ADHD Medication Is Only Part of The Treatment-Ask Dr. Paul Library
DEAR DR. PAUL: I have a 5 1/2 yr old son who was diagnosed with ADHD (Attention Deficit Hyperactivity Disorder). I want to know if there are any natural ways of helping him without the methylphenidate. If you know of anything that might help him "slow down" but not zombie him out I would really appreciate it.
PEDIATRICIAN DR. PAUL Answers: Your questions bring up a few important points about ADHD treatment. I will assume that the diagnosis has been made after a proper evaluation of your child including a comprehensive medical assessment taking into account parent and teacher observations/reports. Before I specifically address the issue of methylphenidate (Ritalin) use, let me list the three important components of ADHD treatment:
- Teacher (academic) strategies in the classroom
- Home behavioral modification strategies
The first two strategies on my list are essential components of the treatment plan. If medication is given without these home or school strategies in place, the treatment will indeed be ineffective. In every day practice, some parents may agree to try, in co-operation with the school, the first two strategies without any medication use. If the results are good, medication may not be needed. However, if despite this approach a child is still having difficulties concentrating, socializing and/or is not achieving good grades, medication therapy may be necessary.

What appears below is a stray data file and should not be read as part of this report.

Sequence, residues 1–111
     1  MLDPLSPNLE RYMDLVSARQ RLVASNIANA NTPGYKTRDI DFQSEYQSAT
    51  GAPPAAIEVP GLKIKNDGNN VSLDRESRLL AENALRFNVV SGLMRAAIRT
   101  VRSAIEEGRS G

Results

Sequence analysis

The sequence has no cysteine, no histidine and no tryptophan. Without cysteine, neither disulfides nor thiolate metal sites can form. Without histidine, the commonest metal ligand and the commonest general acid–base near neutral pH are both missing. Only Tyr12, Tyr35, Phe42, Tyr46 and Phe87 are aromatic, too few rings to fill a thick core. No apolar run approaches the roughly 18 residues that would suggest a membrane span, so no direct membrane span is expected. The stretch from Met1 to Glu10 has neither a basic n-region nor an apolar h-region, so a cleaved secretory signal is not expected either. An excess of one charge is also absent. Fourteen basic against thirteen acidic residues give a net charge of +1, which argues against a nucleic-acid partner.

In terms of your comment "zombie effect", I do not think that this is true; Most children who are appropriately prescribed methylphenidate do very well. Although calmer, and less wiggly, they usually are not "zombied out", as you put it. On the contrary, the positive effects on a child's self esteem are tremendous. As well, there are what I call "left over" benefits of the medication. Let me explain; Because an ADHD child can actually pay attention in class(when taking medication), he or she will be better prepared to do the homework assignments at home. Also, as a result of better school performance, children with ADHD begin to be more at ease when it comes to socializing with their peers and classmates. Off medication, many children with ADHD are unable to socialize, as they are frustrated by their in-attentiveness and by their poor school performance.
To answer your question about alternatives to methylphenidate; There are a lot of so called natural remedies, including natural products, homeopathic remedies, herbs, megavitamin therapy and even eye exercises(optometric). However, none of these have been proven to be effective in treating children with ADHD.
On a final note, another concern relates to the role of the diet on ADHD. About 20 years ago there was a special "exclusion diet", thought to be helpful in improving ADHD symptoms. However, subsequent studies have shown this not to be true. Additionally, studies have proven that sugar intake does not to make ADHD symptoms worse. However, if a parent notices that his/her child's ADHD worsens with sugar consumption, I think the logical thing to do is to cut back on the sugar intake.